I have always been a huge admirer of the late Field Marshal Sam Hormusji Framji Jamshedji Manekshaw (1914-2008) so jumped at the chance to read one more book about him. This ebook titled, “ Field Marshal Sam Manekshaw” is written by Ms Hanadi Falki. Frankly there wasn’t much in the book that one hadn’t already read about. It looked like a re-hash of arcticles, book extracts, interviews and the like. The personality of the Field Marshal is so strong, and his story so interesting however, that we feel like reading about him all over again – which is exactly what I did.
As a military commander and a leader in war and peace, Sam Manekshaw has few parallels in Indian military history. He was the 7th Chief of the Army Staff of the Indian Army- from 1969 to 1973- and his greatest contribution was winning the 1971 War against Pakistan. This led to the bifurcation of the Pakistani State and the birth of the new country of Bangla Desh.
The book traces his life and career in the Indian Amy from the time he joined the Indian Military Academy, Dehradun in 1932 in the very first batch of cadets. He served the Indian Army for four decades and fought in five wars till he retired in 1973. A grateful nation then bestowed upon him the rank of Field Marshal. He was the first General and COAS in the Indian Army to be so honored.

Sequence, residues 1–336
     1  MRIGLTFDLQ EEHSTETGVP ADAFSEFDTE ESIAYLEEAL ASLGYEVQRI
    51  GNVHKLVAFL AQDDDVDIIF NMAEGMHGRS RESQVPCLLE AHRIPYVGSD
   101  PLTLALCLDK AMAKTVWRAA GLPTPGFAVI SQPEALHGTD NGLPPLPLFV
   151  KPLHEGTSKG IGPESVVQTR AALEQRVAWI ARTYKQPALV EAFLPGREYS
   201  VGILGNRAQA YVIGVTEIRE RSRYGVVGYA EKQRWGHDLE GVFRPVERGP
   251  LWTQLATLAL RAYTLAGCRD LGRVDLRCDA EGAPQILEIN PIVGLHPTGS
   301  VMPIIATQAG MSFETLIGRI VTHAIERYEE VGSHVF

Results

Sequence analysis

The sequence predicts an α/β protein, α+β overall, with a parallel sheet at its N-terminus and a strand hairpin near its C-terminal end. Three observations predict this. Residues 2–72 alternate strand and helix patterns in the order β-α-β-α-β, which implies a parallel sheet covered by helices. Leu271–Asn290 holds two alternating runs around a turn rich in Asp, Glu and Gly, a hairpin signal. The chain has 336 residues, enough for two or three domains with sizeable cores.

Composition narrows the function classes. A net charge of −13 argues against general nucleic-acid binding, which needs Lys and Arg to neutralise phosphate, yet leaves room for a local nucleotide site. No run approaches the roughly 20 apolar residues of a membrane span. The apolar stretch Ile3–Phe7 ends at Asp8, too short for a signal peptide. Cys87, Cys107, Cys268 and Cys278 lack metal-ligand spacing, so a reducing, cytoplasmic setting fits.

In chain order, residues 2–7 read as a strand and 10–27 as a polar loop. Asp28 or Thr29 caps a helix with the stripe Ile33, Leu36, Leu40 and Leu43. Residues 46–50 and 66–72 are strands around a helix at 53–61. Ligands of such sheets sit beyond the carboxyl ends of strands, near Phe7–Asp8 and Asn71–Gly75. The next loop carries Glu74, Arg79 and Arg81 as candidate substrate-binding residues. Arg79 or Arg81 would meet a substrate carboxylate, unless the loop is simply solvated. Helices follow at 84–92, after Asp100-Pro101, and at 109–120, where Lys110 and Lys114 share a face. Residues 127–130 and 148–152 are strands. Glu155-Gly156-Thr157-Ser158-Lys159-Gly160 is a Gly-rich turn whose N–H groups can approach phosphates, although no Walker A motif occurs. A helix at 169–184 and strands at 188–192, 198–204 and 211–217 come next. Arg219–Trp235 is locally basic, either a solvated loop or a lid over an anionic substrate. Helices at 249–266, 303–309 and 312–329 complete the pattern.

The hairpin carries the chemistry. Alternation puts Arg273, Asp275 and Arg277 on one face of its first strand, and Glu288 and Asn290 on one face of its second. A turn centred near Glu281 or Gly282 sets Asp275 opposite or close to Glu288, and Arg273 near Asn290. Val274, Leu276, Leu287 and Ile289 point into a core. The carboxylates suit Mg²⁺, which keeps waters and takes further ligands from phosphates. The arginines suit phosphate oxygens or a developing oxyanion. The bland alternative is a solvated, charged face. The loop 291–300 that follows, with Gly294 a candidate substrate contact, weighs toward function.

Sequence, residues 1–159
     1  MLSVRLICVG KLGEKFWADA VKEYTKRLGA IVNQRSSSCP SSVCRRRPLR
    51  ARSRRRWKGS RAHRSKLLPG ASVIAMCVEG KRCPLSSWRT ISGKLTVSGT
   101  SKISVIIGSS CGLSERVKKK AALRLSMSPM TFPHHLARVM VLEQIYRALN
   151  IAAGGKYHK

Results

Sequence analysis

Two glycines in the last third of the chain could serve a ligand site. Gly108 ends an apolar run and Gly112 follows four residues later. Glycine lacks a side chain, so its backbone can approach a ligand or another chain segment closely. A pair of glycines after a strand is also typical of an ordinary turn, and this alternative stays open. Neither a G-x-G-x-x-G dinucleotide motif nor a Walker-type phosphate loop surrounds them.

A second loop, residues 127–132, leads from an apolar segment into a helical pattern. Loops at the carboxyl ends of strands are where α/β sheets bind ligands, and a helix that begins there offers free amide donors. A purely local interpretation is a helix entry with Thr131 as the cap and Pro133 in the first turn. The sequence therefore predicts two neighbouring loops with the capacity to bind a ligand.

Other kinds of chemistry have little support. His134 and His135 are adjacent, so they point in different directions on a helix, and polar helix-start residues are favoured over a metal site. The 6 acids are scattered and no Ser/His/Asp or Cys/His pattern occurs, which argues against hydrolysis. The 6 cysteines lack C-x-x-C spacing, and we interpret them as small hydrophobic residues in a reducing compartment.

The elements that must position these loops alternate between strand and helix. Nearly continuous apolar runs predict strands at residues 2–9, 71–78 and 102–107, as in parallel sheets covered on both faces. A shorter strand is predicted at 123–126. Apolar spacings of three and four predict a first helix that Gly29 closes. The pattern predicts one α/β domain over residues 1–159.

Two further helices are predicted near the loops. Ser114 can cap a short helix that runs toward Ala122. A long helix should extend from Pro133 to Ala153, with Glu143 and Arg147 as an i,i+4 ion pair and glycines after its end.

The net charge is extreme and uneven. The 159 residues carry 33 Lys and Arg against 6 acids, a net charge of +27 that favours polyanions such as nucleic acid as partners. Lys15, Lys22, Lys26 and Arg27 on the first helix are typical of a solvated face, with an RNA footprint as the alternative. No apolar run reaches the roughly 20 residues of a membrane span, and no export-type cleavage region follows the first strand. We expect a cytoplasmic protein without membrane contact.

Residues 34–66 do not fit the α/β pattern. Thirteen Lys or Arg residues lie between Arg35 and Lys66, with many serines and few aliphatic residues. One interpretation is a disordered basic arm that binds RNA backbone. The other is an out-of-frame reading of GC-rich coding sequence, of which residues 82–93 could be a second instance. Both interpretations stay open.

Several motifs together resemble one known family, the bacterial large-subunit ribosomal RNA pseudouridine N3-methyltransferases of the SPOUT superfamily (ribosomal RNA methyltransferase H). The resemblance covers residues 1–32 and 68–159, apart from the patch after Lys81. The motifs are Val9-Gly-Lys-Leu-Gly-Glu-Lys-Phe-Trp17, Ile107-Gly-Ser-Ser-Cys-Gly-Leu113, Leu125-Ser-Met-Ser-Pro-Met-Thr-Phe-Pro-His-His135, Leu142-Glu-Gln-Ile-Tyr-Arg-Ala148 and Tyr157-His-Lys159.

Apart from his exploits as a military leader, (he won the coveted Military Cross for bravery as a young officer in the British Indian Army during Second World War in Burma), Manekshaw’s character as a person of the highest integrity and professionalism stand out in the many anecdotes in the book. He had the courage to stand up to those in authority including the Prime Minister, Defense Minister and the political leadership of the country.
As I have said before, I have been and remain a huge admirer of Field Marshal Manekshaw. I am therefore terribly puzzled how under his watch India released 93,000 Pakistani Prisoners of war but did not do enough to get back 54 of our Defense Personnel, They simply did not make it back to their homeland . I was hoping that this book would cover this unsavory part of Indian military history but I continue to remain disappointed on this score.
I wish the book had been better arranged for ease of reading. It does not follow a prescribed pattern. For example, it has his childhood and early years suddenly appearing from out of the blue, much after the start of the book. However this slim volume, despite its shortcomings, remains interesting because of the man the book describes and his exploits- in war and peace.